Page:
What does it mean to be a "photographer"? Today it can be as simple as making a picture with a mobile phone, or a digital camera or it can mean that you are dedicated to a particular process that is no longer in the main stream. It does not necessarily mean that one is interested in making intentional images where the everyday is changed into something more. Robert Benjamin is one of those photographers who cares about the image more than any of the external recognition of being a photographer.
Notes from a Quiet Life is a culmination of his 40 years of documenting his family. It is the printed catalog of his exhibition from the Denver Art Museum from 2011. The relatively small sized book is a love letter to his family and the quiet life they have lived. As a physical object, the book inspires repeated readings. It does not overwhelm the viewer, but encourages one to carry it around. The printing is excellent and showing the Polaroids as scanned objects adds to the experience.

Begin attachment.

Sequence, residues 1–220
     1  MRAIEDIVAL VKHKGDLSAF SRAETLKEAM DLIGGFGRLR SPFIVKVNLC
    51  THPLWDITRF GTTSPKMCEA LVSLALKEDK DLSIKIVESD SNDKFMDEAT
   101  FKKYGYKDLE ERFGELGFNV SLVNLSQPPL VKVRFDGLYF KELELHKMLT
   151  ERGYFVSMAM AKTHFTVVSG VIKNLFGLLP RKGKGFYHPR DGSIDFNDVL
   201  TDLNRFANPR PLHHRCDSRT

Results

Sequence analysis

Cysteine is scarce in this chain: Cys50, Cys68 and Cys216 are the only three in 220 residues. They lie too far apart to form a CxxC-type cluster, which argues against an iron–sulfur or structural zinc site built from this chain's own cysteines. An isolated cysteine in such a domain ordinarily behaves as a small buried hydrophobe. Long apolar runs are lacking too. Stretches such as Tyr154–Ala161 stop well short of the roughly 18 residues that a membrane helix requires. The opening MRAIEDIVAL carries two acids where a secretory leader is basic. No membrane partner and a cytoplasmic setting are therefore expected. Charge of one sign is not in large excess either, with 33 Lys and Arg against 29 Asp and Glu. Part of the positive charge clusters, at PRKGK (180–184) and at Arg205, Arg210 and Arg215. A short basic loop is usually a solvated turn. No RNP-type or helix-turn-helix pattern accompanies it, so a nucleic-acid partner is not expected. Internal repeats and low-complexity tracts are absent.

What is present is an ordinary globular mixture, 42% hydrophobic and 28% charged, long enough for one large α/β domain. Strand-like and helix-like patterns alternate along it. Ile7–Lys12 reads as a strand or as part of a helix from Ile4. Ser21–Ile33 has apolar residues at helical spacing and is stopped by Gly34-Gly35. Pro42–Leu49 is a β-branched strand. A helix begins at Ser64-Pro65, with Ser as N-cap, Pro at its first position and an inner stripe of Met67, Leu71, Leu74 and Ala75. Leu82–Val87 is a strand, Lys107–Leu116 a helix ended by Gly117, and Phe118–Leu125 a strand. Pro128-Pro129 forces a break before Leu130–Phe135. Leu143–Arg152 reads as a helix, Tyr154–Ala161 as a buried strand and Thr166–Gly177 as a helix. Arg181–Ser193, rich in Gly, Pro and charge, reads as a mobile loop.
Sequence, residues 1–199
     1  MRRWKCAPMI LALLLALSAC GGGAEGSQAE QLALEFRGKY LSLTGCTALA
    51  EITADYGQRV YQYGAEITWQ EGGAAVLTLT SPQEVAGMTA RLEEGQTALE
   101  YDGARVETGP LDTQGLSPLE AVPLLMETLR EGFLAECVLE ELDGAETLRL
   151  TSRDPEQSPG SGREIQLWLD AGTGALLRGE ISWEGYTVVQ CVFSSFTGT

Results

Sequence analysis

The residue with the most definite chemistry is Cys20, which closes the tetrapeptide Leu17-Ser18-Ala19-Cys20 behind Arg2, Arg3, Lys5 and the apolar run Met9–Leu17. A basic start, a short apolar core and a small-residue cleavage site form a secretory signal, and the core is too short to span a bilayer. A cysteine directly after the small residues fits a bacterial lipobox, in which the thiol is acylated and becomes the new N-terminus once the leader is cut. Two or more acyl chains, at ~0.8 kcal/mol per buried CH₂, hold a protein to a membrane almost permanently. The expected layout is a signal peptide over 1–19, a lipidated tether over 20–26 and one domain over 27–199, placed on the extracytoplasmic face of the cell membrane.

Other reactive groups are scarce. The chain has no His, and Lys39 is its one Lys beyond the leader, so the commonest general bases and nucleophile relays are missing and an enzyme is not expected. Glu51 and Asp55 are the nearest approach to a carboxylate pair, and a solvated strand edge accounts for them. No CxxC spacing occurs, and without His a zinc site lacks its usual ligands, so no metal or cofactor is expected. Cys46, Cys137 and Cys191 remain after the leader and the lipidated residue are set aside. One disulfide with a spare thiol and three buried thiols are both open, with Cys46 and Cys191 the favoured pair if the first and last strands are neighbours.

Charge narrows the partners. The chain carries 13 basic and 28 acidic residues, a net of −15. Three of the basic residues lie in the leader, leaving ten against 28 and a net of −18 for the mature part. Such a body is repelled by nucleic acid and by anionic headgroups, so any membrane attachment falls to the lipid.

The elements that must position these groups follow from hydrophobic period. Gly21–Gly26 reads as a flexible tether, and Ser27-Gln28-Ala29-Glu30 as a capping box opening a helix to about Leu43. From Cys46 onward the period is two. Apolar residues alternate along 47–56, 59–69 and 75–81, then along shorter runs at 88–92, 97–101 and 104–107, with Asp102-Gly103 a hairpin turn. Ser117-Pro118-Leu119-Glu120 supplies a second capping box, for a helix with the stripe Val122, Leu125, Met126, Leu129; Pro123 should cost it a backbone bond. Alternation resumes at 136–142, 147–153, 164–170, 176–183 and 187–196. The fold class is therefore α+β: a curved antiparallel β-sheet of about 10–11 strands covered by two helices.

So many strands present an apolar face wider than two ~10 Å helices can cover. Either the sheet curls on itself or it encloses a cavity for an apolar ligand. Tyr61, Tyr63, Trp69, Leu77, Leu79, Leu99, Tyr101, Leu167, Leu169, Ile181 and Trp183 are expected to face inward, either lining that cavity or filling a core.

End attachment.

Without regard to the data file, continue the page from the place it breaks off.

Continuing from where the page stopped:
Eric Paddock, Curator of Photography at the Denver Art Museum, describes Benjamin as a "dad with a camera." That is a true statement, since Benjamin is a father who makes pictures, but the pictures he makes transcends the simple title. Common themes of nature, portraits and reflections tell of what he was able to put in front of his camera. His vision is direct and clean. He is more than a technician. The work bears traces of a contemporary practitioner and working at a high level.
Images like Sun Drying Tomatoes and Walker in the Volvo show the more common suburban experience in a new way. The portraits tend to be formal and direct, which adds to their intensity. The two pictures of his son asleep speak to those who have seen a young child contort himself in a deep slumber. Through careful sequencing Benjamin's color palette is subtle and comes to the forefront in places.
The small book shows a life that goes beyond what is normally seen in art photography. It is not an extreme lifestyle, but a common one. They are no extreme edges of society, but Western suburbs and Eastern foliage. There are clear-eyed images of his wife who confronts the camera directly and children who shift back and forth in age. It is a view into a life that is not often shown in museums or printed in books. This book offers up the quiet visual poetry of a photographer clearly in love with his subject.
Tom Leininger is a photographer and educator based in Denton, Texas. He received his MFA in photography from the University of North Texas. Prior to that he was a newspaper photographer in Indiana. His work can be found at http://tomleininger.net.